We work with many highly sophisticated investors across the globe. Based on observing some of the most successful over long periods of time, we would offer the following advice to all investors whether large or small. First, spend the time and set a strategic asset allocation and stick with it. The last thing you want to be doing is talking yourself in circles or following today’s newest trend.
Second, pick high quality managers based on their long-term results, their investment culture, and their record of developing people. Third, always think long term and systematically re-balance in and out of asset classes with reasonable discipline. Last, take advice but don’t follow the crowds and appreciate that often there are reversions to the mean when valuation and sentiment gets to extremes.
We focus a lot of our time on educating our clients about markets and cycles moving up and down over time. It has been that way in the past and market cycles will continue in the future. Those cycles, and even the inherent volatility, are what have and will continue to create market opportunity.
What advice would you give to REIT management teams and boards?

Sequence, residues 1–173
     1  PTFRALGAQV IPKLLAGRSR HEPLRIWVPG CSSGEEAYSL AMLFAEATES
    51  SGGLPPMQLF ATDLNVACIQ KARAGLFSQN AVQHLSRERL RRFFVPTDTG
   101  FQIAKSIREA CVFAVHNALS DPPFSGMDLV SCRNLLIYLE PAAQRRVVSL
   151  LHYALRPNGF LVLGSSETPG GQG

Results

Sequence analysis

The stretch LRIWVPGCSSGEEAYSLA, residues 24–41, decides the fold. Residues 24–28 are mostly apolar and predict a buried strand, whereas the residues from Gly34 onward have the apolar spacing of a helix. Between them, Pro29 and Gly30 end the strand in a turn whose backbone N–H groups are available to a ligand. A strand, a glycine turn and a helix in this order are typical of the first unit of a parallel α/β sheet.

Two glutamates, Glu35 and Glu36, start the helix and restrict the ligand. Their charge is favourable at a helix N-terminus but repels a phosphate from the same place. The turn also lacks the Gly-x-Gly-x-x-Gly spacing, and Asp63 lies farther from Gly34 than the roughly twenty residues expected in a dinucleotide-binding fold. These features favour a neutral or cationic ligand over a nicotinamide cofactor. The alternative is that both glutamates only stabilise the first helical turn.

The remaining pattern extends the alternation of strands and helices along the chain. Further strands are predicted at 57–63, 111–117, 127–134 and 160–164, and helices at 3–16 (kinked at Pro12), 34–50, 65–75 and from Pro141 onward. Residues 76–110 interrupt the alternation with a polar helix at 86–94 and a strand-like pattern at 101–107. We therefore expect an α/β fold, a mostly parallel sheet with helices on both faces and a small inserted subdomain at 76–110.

Over the last 20-plus years, REIT management teams have done an exemplary job becoming more focused, increasing transparency, and demonstrating discipline. That being said, even though all of that is to be celebrated, we want REIT management teams to know that we also want them to be entrepreneurial, visionary, and long term oriented—those are the original positive attributes of how the REIT industry was born.
We believe listed markets have produced great returns over the long run because transparency is a positive. But we don’t want the pendulum and feelings of scrutiny to swing too far to corporate short-termism. Management and boards should operate their businesses to maximize long term value. Transparency, focus, and a long-term orientation can and must coexist in the listed REIT market in order to continue the industry’s success.
Where do you see the public and private REIT markets in five to 10 years?
We believe investors continue to be under-allocated to real assets overall, however, the shift from a regime of low rates and low inflation to one of slower growth, elevated inflationary risks, and continued volatility will provide opportunities for investors to increase their allocations, helping to close the adoption gap for alternatives.
In the expected higher inflation, lower growth environment, we believe that REIT cash flows will remain resilient and that constrained new supply will benefit real estate prices, though lower economic growth could be a modest headwind.
While listed and private real estate returns tend to be similar over long periods, private real estate typically lags listed real estate due to its slower moving price discovery and transactions. With listed already rebounding from its 2022 lows, we expect private real estate to trail listed markets.
All that said, one of our goals is to educate investors on how to be more strategic and tactical in how they allocate to both listed and private real estate. We hope that over the next five to 10 years, this mindset will become more commonplace.